0.05

1.07%

November Soybeans

$9.78

$10.07

$9.78

$9.48

-0.30

-3.07%

December Soy Meal

$294.70

$303.30

$297.00

$288.80

-8.20

-2.76%

December Soy Oil

$36.94

$37.94

$36.40

$36.77

0.37

1.02%

December Live Cattle

$85.80

$87.40

$85.68

$85.00

-0.67

-0.79%

November Feeder Cattle

$94.60

$95.48

$94.80

$94.65

-0.15

-0.16%

December Lean Hogs

$54.10

$53.02

$56.70

$55.70

-1.00

-1.76%

December Cotton

$68.21

$67.38

$67.64

$66.54

-1.10

-1.63%

December Oats

$2.52

$2.50

$2.55

$2.54

-0.01

-0.20%

November Rice

$13.66

$13.43

$14.36

$15.16

0.80

5.54%

 

Cotton futures weren’t as weak as soybeans, but with little help from the US dollar they couldn’t get any traction. Weekly export sales were much larger than expected going into the Thursday report, but few new bulls were to be found. The average trade guess for Tuesday’s US cotton production is 12.7 million bales, with a reduction expected due to losses caused by extremely wet weather in the Mid-South and Delta during October. Better weather at the moment perhaps provided a little weaker tone.

 

Cattle futures drifted lower. Consumer demand is iffy, particularly for higher end cuts. Friday’s 10.2% unemployment number raised fresh concerns about consumer demand, although there were some higher earning employment categories that showed job growth. Beef production year to date is down 3.1%, and was down an estimated 3.7% for the week. Carcass weights continue to be elevated, however, offsetting reduced cattle numbers. The estimated weights are 14 pounds above last year.

 

Hogs had their first down week in a while. The excitement about potential Chinese buying faded, as USDA still doesn’t report pork export sales on a weekly basis and thus any data to back up such sales is 6 weeks delayed. Wholesale prices were firm for most of the week, aided by the export potential and also by seasonal pipeline filling for Thanksgiving hams and loins. They did retreat by $1.03 on Friday, with the cutout ending at $58.63 on weakness in hams and pork bellies.

 

 

Market Watch:  Traders will still be keenly interested in the USDA Crop Progress data on Monday night, anticipating improved harvest activity, but also expecting corn harvest to still be way behind the average pace. The main USDA reports for the week will  be on Tuesday morning, however, with Crop Production and the monthly Supply/Demand adjustments. USDA changes to crop yield forecasts will get the most attention. USDA is closed on Wednesday for Veteran’s Day. That will delay the weekly Export Sales report to Friday morning.  Friday will also be the last trading day for November soybeans, canola (Winnipeg) and rice.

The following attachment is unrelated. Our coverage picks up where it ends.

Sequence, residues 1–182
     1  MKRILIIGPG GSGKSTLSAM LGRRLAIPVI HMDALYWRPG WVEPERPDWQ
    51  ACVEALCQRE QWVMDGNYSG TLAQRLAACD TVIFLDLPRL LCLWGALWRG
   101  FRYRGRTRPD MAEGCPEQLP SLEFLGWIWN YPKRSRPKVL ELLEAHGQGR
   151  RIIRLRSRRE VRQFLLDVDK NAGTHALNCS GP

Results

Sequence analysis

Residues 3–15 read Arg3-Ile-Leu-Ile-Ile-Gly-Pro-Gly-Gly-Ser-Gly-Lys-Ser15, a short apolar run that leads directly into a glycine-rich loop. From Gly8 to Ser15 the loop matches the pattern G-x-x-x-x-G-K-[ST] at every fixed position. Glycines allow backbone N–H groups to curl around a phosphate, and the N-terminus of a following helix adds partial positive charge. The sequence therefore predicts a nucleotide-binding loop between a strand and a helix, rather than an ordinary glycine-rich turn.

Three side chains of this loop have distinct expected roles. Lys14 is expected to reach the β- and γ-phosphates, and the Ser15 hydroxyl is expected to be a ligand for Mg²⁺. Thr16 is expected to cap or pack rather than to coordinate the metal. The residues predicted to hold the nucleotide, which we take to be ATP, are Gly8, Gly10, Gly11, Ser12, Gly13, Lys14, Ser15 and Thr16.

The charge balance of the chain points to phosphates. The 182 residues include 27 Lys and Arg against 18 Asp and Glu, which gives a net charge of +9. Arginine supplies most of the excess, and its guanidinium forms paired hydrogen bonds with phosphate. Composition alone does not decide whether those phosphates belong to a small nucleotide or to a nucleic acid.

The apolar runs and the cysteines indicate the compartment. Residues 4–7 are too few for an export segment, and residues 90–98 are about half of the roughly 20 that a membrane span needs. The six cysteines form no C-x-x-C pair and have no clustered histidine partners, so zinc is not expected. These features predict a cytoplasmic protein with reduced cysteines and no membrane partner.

Tech Talk: January Soybeans

 

 

January soybean futures have sell signals from MACD and from stochastics. They also had a shooting star candlestick on 10/23, a potential reversal signal, and were rejected by the down trending resistance line from the June and August highs. Along with the feed grains, prices dropped under the influence of the rising US dollar this week. However, they hugged the 18-day moving average and posted higher lows on both Thursday and Friday. We have to lean bearish given the sell signals on the chart. If the US dollar is stronger this coming week, beans are likely to head toward the lower Bollinger Band at $9.37. Should the dollar resume its declining ways, beans would have an opportunity to rally to the down trending resistance line around $10.18.

 

There is a risk of loss in futures and options trading.  Past performance is not necessarily indicative of future results.  Reproduction or rebroadcast of any portion of this article without written consent of Brugler Marketing & Management LLC is strictly prohibited.  Call 402-697-3623 for information on our more extensive paid content, or visit the web site @ www.bruglermktg.com.

 

© 2009 Brugler Marketing & Management, LLC

Log In or Sign Up to comment

COMMENTS

Receive the latest news, information and commentary customized for you. Sign up to receive Dairy Today's eUpdate today!

 
 
 
The Home Page of Agriculture
© 2014 Farm Journal, Inc. All Rights Reserved|Web site design and development by AmericanEagle.com|Site Map|Privacy Policy|Terms & Conditions